Feeding the Dream Business Inside the World of the Hollywood Paparazzi

AP

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Part 2: Voyeurism and Pride


This form of journalism is profitable because the Internet has created a huge new market for the big-game hunters of photojournalism. Magazines like Us Weekly and People, as well as newspapers like the British tabloid Daily Mirror and the German tabloid Bild, are still important customers. But, these days, Smith primarily sells his photos to celebrity websites, such as tmz.com, eonline.com and perezhilton.com, which have something to say about every shopping trip of a given celebrity. Splash News assembles about 200 photo sets of small episodes from the lives of the stars. With these photos and archive images, the company sells about 10,000 photos a day, making it the world's largest dealer of voyeuristic content.

With success, however, comes the pressure to liberate the company from its shady image. Indeed, Smith expends a lot of effort touting his company as a "legitimate news agency" and insisting that Splash News' reporters are well-trained journalists and photographers. "We consider ourselves the gentleman on the block," he says. "There are a lot of rogues out there," he adds, referring to photographers only out there to make a quick buck. "They are all rubbish."

Allegedly Less Scrupulous Upstarts

Francois Regis Navarre is one these "rogues" -- and someone Smith would prefer to see banished to the deserts of California. After serving as a war reporter in Iraq and Cambodia for the French newspaper Le Monde, Navarre founded the X17 photo agency in 1996. Since then, the 49-year-old Frenchman has scored some of the biggest coups in the paparazzi world.

For example, the world has Navarre to thank for photos of Britney Spears shaving her head. Navarre also claims to have been the first to know about Michael Jackson's death because, as he says, one of his men managed to take a few shots of the inside of the ambulance carrying the singer.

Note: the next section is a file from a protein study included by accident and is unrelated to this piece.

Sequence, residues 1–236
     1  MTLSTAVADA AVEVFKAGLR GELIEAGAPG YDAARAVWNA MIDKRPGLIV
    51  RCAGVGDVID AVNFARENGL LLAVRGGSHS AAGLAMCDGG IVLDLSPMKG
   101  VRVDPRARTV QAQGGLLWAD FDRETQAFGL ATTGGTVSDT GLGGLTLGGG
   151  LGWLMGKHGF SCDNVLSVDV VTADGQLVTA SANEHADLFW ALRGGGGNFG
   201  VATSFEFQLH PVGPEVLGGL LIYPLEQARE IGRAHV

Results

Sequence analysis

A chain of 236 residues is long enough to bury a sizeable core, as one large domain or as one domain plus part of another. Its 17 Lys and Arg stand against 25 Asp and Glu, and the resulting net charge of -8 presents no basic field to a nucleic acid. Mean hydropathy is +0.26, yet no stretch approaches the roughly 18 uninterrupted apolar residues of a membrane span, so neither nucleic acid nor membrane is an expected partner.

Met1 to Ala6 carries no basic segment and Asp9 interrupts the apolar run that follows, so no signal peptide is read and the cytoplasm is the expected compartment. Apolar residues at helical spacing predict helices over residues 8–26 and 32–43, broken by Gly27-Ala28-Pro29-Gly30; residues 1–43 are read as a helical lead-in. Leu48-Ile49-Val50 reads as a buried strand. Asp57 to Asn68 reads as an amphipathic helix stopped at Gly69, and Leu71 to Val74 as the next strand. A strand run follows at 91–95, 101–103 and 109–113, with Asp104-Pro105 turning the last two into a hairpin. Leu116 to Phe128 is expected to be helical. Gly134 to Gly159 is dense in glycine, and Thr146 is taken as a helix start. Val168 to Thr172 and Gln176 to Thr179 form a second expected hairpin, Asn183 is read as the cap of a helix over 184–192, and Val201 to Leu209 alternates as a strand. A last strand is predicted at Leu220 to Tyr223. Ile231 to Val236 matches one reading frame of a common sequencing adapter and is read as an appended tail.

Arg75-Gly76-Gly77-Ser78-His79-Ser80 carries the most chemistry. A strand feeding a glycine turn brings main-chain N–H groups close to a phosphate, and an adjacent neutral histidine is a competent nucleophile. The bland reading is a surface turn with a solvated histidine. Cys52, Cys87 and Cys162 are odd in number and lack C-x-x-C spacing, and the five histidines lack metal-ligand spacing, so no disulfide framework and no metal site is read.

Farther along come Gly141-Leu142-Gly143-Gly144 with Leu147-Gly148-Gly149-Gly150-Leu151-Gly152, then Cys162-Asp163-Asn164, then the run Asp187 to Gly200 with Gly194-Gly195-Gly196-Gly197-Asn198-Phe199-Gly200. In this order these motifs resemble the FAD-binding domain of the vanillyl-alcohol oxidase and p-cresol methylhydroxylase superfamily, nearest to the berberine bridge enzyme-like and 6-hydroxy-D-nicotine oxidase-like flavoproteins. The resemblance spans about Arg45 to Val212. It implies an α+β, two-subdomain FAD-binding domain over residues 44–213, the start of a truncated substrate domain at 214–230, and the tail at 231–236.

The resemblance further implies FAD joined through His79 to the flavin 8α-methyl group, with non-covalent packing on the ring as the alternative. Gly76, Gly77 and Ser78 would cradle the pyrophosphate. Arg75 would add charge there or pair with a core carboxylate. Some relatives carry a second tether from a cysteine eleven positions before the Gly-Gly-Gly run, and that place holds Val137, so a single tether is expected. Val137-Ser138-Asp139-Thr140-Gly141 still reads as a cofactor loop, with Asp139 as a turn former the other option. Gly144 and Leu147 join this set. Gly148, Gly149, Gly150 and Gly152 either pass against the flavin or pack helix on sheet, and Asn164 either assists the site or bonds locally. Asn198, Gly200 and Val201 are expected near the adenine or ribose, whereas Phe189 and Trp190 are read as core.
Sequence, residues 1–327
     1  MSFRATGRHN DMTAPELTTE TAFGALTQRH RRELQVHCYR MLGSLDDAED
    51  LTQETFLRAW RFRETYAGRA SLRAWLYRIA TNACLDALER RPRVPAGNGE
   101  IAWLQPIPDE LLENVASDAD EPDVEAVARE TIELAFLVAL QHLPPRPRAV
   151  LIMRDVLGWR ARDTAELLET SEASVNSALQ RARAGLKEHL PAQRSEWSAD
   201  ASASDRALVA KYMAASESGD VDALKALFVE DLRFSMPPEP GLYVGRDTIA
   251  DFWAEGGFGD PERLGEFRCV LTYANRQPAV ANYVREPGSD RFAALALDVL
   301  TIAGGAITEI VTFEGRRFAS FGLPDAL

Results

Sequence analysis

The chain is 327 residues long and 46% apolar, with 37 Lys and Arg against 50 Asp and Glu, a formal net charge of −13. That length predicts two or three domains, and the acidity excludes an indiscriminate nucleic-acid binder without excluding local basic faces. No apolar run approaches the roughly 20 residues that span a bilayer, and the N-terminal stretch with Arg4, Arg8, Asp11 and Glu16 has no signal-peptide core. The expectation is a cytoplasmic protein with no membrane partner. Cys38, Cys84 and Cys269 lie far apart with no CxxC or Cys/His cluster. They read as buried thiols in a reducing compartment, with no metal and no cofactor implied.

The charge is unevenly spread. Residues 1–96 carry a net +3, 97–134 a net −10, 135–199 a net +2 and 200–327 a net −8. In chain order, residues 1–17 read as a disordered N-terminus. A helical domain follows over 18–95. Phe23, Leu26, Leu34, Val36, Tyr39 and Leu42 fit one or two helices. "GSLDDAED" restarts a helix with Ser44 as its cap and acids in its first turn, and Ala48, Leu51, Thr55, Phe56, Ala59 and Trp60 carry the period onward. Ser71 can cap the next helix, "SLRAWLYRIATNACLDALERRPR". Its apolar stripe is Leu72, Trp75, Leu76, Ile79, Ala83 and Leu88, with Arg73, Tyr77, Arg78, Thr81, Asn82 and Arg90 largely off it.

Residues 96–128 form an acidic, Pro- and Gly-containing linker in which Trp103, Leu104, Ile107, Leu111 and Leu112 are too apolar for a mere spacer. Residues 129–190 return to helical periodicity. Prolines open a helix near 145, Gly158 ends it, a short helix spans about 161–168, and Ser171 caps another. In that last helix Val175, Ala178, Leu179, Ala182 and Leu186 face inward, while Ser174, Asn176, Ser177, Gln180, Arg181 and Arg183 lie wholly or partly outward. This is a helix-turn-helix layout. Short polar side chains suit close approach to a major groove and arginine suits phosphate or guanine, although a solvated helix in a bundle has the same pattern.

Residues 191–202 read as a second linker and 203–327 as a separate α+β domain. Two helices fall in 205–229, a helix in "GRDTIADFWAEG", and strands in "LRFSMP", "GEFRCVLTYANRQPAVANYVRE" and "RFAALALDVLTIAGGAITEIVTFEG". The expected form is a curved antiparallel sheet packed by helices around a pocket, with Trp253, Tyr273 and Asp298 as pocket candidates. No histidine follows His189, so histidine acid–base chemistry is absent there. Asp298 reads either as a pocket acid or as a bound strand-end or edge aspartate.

Navarre lives on Amalfi Drive, an exclusive street in Pacific Palisades, and he also owns a beach house in Malibu. Paparazzi photos have made him a rich man, with his company reportedly generating roughly $10 million in annual revenues.

Others in the paparazzi world despise him because he doesn't employ professional photographers. Instead, his team is primarily composed of immigrants from countries like Brazil, whom he pays a low flat fee every month for the rights to their photos. He instructs his photographers not to take pictures of stars from far away but, rather, to "flash" them at close range, as he calls it. "I want to have eye contact with the stars," Navarre says.

In fact, Navarre has a reputation for occasionally playing fast and loose with the law. For example, California law holds that a person cannot be photographed if a "reasonable expectation of privacy" exists. But, as Navarre sees it, the precise meaning of the words "reasonable expectation" is a subjective matter. For example, he just published photos of Bradley Cooper, one of the lead actors in the recent hit comedy "The Hangover," with his new girlfriend on the balcony of his house.

"We go as far as we can without breaking the laws," Navarre says. "There is a little anarchist in every good paparazzi."

The Intensity of the Moment

Navarre's cell phone rings. "Kim Kardashian just left her place," he reports. Even if, by Hollywood standards, the reality-TV star (with an estimated annual income of $6 million) is merely a B-list celebrity, photos of her will probably still be worth a few thousand dollars for X17.

Navarre hurries to his silver Porsche Cayenne. "She is going down Benedict?" he shouts into the phone, which will not leave his hands anytime soon. "In a white Rolls-Royce?" On Canon Drive, Navarre pulls up just behind the car carrying the star, while one of his photographers pulls up in the next lane, shooting all the while. "Any competitors around?" Navarre shouts through his car's open window. Within seconds, four other paparazzi speed by, running the next red light.